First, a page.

Stock of imported edible oil in pipelines, at ports falls to multi-year low

Palm oil
The stock of imported edible oils in pipelines as well as on ports fell to the lowest level in the past several years. As against the average stock in pipeline for 30 day consumption, the beginning of this month saw the stock fall to a level sufficient only for 22 days.

According to data from the Solvent Extractors’ Association of India (SEA), the stock of edible oils as on January 1, 2020, at various ports fell to an estimated 860,000 tonnes (a fifth of this is refined palm oil). In the last four months, the stock in pipelines is drying up. The total stock at ports and in pipelines is reported at 1.36 million tonnes, down 9 per cent month-on-month and by a third from the year ago level of 2.03 million tonnes. India’s monthly requirement is about 1.9 million tonnes. In May 2019, the stock in pipelines and at ports was 2.36 million tonnes.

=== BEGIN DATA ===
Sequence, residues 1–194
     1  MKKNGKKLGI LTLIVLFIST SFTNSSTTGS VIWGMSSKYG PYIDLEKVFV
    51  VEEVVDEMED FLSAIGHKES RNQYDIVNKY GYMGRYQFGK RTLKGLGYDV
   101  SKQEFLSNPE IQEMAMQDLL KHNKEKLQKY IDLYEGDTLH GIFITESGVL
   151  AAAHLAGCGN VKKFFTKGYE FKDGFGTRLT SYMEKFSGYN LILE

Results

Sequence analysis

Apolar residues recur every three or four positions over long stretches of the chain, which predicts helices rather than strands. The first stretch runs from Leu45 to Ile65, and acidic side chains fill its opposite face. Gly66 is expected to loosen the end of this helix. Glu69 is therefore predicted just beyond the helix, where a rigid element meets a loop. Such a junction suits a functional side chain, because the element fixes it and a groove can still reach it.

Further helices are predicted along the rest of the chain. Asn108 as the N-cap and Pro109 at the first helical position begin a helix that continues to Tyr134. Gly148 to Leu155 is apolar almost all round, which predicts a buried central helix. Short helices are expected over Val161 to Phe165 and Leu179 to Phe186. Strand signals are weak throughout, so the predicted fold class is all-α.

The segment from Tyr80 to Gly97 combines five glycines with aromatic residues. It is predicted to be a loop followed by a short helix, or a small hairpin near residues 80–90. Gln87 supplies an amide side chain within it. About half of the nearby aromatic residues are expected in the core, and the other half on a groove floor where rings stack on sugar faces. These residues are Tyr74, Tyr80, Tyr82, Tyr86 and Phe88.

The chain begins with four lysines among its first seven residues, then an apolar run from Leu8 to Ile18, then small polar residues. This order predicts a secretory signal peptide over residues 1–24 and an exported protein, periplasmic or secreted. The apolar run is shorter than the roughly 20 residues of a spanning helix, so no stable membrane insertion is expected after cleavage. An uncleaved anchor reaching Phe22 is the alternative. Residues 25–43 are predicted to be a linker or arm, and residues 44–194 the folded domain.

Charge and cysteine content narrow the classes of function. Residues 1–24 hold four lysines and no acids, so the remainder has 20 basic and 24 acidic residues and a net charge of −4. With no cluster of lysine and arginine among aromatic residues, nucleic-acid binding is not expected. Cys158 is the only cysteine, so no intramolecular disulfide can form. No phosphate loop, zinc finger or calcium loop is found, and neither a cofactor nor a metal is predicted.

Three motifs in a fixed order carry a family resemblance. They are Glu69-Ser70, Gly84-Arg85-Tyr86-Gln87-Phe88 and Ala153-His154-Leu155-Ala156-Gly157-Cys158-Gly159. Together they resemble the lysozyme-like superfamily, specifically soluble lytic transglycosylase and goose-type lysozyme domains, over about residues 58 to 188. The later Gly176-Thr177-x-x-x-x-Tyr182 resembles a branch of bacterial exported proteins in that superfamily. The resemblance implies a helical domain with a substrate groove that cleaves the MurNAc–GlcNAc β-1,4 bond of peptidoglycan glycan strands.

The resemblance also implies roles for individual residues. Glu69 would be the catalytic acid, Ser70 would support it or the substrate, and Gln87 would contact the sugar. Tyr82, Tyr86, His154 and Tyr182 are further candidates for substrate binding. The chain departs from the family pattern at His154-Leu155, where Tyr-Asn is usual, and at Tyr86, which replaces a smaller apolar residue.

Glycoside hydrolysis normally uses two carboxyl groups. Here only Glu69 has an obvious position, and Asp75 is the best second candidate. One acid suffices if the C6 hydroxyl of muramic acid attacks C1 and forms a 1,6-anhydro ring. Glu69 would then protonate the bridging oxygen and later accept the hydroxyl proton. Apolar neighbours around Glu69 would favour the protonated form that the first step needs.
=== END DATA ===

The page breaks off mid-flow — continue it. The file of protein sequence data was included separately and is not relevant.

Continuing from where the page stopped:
“Palm oil prices have increased very sharply which has increased cost. Domestic prices are generally higher due to huge crop damages in crops like soyabean. At high price, consumption has also been impacted,” said B V Mehta, Executive Director, SEA.

From January onwards, refined (RBD) palmoil and palmolein imports have been placed under "restricted list" to regulate excessive imports of refined palm oil into India. India largely imports RBD palmolien from Malaysia. The imports will now be subjected to a license, to be issued by DGFT. SEA has proposed a monthly cap of 50,000 tonnes only for this if DGFT issues licenses for import.

However, because imports from Malaysia have been stopped, buyers have started paying around $10 premium to buy Indonesian palmoil.


Business Standard is now on Telegram.
For insightful reports and views on business, markets, politics and other issues, subscribe to our official Telegram channel